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Relative sea-level data preclude major late Holocene ice-mass change in Pine Island Bay

Braddock, Scott; Hall, Brenda L.; Johnson, Joanne S.; Balco, Greg; Spoth, Meghan; Whitehouse, Pippa L.; Campbell, Seth; Goehring, Brent M.; Rood, Dylan H.; Woodward, John

Relative sea-level data preclude major late Holocene ice-mass change in Pine Island Bay Thumbnail


Scott Braddock

Brenda L. Hall

Joanne S. Johnson

Greg Balco

Meghan Spoth

Seth Campbell

Brent M. Goehring

Dylan H. Rood

John Woodward


The rapidly retreating Thwaites and Pine Island glaciers together dominate present-day ice loss from the West Antarctic Ice Sheet and are implicated in runaway deglaciation scenarios. Knowledge of whether these glaciers were substantially smaller in the mid-Holocene and subsequently recovered to their present extents is important for assessing whether current ice recession is irreversible. Here we reconstruct relative sea-level change from radiocarbon-dated raised beaches at sites immediately seawards of these glaciers, allowing us to examine the response of the earth to loading and unloading of ice in the Amundsen Sea region. We find that relative sea level fell steadily over the past 5.5 kyr without rate changes that would characterize large-scale ice re-expansion. Moreover, current bedrock uplift rates are an order of magnitude greater than the rate of long-term relative sea-level fall, suggesting a change in regional crustal unloading and implying that the present deglaciation may be unprecedented in the past ~5.5 kyr. While we cannot preclude minor grounding-line fluctuations, our data are explained most easily by early Holocene deglaciation followed by relatively stable ice positions until recent times and imply that Thwaites and Pine Island glaciers have not been substantially smaller than present during the past 5.5 kyr.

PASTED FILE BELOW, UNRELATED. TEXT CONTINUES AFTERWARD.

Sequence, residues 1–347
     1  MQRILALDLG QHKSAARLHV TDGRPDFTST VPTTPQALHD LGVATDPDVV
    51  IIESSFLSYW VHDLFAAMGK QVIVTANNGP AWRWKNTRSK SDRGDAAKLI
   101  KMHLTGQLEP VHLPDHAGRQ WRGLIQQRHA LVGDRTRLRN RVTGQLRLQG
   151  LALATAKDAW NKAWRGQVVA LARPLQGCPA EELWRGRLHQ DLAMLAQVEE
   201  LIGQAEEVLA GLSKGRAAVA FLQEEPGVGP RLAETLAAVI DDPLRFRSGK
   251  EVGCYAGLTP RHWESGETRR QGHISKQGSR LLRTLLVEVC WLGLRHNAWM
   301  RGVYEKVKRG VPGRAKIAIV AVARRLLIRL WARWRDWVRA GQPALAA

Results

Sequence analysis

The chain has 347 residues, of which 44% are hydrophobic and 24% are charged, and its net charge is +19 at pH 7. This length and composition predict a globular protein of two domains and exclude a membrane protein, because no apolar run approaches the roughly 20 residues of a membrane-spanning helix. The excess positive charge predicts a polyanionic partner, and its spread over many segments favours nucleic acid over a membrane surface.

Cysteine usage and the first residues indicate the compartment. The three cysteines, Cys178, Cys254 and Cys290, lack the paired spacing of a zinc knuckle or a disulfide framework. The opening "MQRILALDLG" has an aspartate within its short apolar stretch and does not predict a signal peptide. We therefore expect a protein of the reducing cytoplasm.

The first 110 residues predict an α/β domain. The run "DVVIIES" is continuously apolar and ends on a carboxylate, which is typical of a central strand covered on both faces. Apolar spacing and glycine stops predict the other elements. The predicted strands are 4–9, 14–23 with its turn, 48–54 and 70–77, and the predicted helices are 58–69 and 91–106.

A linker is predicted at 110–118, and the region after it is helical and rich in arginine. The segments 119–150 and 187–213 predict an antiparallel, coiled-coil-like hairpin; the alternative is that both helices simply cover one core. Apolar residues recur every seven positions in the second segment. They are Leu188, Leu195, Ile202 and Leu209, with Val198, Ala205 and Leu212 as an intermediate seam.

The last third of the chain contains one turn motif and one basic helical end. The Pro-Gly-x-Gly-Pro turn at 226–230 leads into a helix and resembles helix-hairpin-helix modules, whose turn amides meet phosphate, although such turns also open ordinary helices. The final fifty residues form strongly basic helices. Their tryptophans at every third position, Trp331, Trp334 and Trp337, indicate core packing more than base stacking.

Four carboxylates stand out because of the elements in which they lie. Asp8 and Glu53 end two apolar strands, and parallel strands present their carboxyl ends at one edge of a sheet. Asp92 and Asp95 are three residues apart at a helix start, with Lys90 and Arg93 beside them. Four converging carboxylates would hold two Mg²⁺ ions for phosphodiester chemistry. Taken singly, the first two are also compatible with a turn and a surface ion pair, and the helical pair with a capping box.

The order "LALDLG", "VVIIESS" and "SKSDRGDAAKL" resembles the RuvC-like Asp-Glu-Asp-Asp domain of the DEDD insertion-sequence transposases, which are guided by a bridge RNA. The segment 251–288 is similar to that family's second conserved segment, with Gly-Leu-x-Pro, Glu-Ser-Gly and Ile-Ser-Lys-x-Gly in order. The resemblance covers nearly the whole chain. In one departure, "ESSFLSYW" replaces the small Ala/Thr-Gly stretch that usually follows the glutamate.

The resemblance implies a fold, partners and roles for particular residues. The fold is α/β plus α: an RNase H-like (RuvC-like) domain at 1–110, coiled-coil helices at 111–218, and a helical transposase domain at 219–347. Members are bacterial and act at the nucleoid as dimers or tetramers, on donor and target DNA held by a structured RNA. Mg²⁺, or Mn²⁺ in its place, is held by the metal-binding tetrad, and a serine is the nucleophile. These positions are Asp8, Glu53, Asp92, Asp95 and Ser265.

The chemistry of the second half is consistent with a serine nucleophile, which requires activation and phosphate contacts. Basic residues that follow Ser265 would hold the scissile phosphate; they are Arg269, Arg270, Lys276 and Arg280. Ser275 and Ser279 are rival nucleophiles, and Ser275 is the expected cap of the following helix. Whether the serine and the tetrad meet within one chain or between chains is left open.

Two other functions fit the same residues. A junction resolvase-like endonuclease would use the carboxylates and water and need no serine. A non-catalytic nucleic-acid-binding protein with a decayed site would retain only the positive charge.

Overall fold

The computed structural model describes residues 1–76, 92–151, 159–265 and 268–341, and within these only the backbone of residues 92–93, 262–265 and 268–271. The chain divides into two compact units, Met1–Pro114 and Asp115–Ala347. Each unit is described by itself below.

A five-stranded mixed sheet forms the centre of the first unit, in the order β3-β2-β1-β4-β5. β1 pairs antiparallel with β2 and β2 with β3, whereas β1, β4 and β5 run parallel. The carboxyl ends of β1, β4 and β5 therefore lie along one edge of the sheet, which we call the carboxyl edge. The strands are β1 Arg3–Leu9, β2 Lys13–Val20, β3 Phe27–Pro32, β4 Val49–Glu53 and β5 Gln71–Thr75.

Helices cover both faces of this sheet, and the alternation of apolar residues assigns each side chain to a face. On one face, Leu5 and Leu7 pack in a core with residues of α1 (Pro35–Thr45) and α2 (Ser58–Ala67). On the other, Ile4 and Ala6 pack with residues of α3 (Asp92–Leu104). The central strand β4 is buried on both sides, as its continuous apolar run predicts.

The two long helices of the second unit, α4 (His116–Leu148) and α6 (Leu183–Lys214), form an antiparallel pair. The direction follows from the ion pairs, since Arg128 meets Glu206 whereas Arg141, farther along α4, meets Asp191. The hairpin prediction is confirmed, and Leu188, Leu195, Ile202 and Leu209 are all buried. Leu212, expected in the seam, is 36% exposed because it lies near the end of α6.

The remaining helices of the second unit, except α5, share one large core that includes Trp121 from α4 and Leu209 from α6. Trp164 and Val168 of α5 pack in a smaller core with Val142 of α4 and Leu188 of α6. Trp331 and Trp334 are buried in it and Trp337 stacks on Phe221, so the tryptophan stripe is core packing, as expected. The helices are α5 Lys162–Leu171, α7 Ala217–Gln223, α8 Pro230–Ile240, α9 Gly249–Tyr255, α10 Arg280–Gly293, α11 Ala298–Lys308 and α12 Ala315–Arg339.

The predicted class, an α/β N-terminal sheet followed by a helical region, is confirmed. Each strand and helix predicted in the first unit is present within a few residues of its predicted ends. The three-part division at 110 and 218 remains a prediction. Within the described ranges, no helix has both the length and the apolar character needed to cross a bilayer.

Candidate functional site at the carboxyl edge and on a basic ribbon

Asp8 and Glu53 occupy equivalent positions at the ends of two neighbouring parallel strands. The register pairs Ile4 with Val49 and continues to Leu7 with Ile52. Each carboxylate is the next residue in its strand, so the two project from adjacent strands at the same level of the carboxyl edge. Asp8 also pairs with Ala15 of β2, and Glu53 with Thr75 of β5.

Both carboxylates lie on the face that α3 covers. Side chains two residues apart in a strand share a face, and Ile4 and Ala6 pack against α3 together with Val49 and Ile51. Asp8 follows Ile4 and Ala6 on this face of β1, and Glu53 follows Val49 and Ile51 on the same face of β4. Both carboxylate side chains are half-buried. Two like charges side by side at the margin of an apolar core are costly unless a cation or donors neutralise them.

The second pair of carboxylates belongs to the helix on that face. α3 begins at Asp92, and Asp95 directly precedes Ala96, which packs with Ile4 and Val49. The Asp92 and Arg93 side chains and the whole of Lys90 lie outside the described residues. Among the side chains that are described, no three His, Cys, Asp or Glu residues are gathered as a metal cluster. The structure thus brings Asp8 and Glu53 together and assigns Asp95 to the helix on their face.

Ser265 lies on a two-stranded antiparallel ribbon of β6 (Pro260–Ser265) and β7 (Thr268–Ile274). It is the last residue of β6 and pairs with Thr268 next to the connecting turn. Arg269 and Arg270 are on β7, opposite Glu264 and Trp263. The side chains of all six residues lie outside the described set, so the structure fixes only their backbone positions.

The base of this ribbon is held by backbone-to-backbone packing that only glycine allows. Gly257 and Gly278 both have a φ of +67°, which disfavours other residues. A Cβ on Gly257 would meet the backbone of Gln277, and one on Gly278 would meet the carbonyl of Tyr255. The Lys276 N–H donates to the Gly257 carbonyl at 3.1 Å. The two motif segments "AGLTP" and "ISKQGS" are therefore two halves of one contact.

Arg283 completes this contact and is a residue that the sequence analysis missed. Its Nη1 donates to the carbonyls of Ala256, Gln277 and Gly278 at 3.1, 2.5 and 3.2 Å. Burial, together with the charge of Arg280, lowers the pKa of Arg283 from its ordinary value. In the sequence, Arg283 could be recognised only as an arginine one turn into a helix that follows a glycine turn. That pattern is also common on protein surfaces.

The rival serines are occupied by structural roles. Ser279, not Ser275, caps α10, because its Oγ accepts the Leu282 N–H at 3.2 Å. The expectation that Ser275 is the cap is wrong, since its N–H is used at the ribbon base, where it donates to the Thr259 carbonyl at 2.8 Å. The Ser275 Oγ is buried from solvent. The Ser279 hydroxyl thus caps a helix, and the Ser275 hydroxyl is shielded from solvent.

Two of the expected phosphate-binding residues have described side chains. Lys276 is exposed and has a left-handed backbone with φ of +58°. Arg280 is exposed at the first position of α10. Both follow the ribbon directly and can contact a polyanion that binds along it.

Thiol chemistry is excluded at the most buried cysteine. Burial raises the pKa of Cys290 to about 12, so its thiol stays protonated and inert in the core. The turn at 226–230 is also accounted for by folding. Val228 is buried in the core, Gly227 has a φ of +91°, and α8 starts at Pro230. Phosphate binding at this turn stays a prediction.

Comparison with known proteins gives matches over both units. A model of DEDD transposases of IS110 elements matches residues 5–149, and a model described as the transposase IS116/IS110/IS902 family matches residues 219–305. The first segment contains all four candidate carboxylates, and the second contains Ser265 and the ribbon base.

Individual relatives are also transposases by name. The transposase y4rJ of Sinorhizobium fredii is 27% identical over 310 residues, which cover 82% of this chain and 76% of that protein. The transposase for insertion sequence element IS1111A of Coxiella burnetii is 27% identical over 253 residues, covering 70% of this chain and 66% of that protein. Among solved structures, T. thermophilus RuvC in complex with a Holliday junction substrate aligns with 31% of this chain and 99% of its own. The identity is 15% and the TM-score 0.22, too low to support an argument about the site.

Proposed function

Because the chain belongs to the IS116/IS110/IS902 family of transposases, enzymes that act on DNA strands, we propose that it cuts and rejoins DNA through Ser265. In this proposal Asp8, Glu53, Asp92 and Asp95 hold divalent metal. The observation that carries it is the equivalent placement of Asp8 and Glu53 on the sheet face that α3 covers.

Braddock, S., Hall, B. L., Johnson, J. S., Balco, G., Spoth, M., Whitehouse, P. L., …Woodward, J. (2022). Relative sea-level data preclude major late Holocene ice-mass change in Pine Island Bay. Nature Geoscience, 15(7), 568-572.

Journal Article Type Article
Acceptance Date May 4, 2022
Online Publication Date Jun 9, 2022
Publication Date 2022-07
Deposit Date Jun 10, 2022
Publicly Available Date Jun 10, 2022
Journal Nature Geoscience
Print ISSN 1752-0894
Electronic ISSN 1752-0908
Publisher Nature Research
Peer Reviewed Peer Reviewed
Volume 15
Issue 7
Pages 568-572


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